Saturday, February 07, 2009

And now it has come to pass...

For the last eight years, in all the forums and blogs on the right hand side of the internet, cranky libertarian Jeremiahs have bitched incessantly about every expansion of federal law enforcement powers done in the name of the War on A Noun. "Relax!" we've been told. "Would you prefer it if (Gore/Kerry) had won? These powers are necessary to fight terrorists!"

Well look who has the keys to the car now, kids.



They're gonna love that turbo you guys bolted in.

(H/T to 2A Musing...)

51 comments:

Marko said...

Of course, now we'll have to brace ourselves for four/eight years of whining from the same War On A Noun fans who applauded the addition of the shiny new powers to the executive toolkit.

"They can't do that! Impeachment! Treason!"

I mentioned a few years back that those powers didn't come with a footnote stating "MAY ONLY BE USED BY A REPUBLICAN ADMINISTRATION". Now the looks of dismay are rather amusing, actually.

alath said...

At the time when a lot of Republicans were supporting warantless wiretapping, profiling, etc., my question was "How are you going to like it when President Hilary can wire tap and profile people she doesn't like?"

I didn't get all the details exactly right, but I'm afraid I had the principle correct.

It is unfortunate that so many people of whatever political affiliation seem to want a dictatorship, as long as their party is in power. They are only interested in limitations of government power when the other guys win.

It was amusing, for instance, to hear social liberals squawking about "judicial activism" after the Heller decision.

When the Rs are in office, they expand government power in the directions they like. When the Ds are in office, they expand government power in the directions they like. Net result: ever-expanding government power.

illinois Vote said...

Coming out of the mouth of Fish killer himself. Note all those key terms and phrases straight from the Brady playbook. Reasonable, for the children......

Note who's dais He's standing behind.

Each year they want reasonable , pass a few more restrictions. Each year , last years laws weren't sufficient enough to accomplish a change... And this sane? individual sends dead fish to opponents and stabs dinners in effigy while screaming his political opponents names. Not much reason comes from this nutball.

the pawnbroker said...

hard to believe so many don't see the ironic juxtaposition of the war on gun rights and the misuse of extraordinary antiterrorism powers.

a gun's just a tool, as we all know and argue; it's who's using it that creates problems and mindless calls for total bans.

same goes for the tools of war; necessary and useful in the hands of some, dangerous and deadly in the hands of others...and the issues should be handled in the same way.

some dumbass drunk grabbed the keys to your turbo hotrod...so ban hotrods, right? wrong. throw out some stopsticks, drag the bastard out of there and get back behind the wheel yourself before innocent people get hurt.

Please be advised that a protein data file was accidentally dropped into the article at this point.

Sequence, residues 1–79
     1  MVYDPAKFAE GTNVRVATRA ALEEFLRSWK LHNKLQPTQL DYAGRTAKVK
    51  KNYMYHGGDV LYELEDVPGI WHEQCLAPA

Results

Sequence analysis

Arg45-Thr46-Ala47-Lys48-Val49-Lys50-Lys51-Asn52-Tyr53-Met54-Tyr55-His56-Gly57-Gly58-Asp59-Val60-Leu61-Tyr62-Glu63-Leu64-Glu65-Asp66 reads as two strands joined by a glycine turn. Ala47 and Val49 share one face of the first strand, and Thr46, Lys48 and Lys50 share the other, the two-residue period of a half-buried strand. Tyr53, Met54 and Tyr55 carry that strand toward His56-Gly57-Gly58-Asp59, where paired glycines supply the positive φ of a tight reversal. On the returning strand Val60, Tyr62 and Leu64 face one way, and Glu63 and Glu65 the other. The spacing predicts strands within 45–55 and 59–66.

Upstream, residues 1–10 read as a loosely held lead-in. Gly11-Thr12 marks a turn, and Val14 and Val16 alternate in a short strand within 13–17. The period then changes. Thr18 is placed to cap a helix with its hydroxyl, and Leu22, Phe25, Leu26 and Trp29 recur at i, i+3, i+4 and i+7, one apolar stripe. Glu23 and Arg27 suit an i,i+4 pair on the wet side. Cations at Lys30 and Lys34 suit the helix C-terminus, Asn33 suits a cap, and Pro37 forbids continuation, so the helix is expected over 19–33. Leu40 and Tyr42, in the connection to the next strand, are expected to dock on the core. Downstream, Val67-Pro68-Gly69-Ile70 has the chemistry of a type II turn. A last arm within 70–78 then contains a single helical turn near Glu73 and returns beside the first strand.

jtc

perlhaqr said...

Any indication on when this speech was given? It seems post-election.

Did he seriously just claim that handgun homicides spiked 35% after the '94 AWB expired? Does he even know what that bill supposedly banned? 'cause, like, it wasn't handguns.

----

Heh. Are you kidding me? They're just giving these things away these days. -- WV: "prehyp" Looks like all that prehyp from the election might actually come true.

fast richard said...

For years the left has been whining about how terrorists captured in battle have to be given access to due process through the American civil courts. Now Rahm Emanuel says anyone placed on a semi-secret "watch list" should forfit due process rights. It's not about guns, It's about control.

Anonymous said...

One would think that an Israeli citizen would understand that the government cannot provide security its citizens and that an armed populace is part of the solution. I suppose we cannot underestimate the dark powers radiating from Chicago.

the pistolero said...

So I see that Mr. Emanuel apparently has no problem with violent criminals & terrorists walking the streets so long as they allegedly can't get a gun. I've said it before but I'll say it again: WTF is wrong with these people?

Farm.Dad said...

Folks ; IMHO politics in this nation is a semi burlesque side show whereby slight of hand and rigged games rule, the Carni's always win over the marks. We the People tho do have a roll other than marks , you can find us over portraying that " Dancing Chicken " .

alath said...

pawnbroker,

Not sure I agree with the analogy between the government's posession of "extraordinary powers" and citizens' posession of firearms.

The people have rights, and power devolves from the people to the government. Not the other way around.

When the .gov starts talking about taking powers and rights away from the people "for our own good" I become extremely suspicious.

You seem to be saying that a Gulag can be a good thing, as long as the right person is the chief of the NKVD. I disagree. I don't care what a wonderful guy our next president is, I don't trust him with extra-constitutional powers.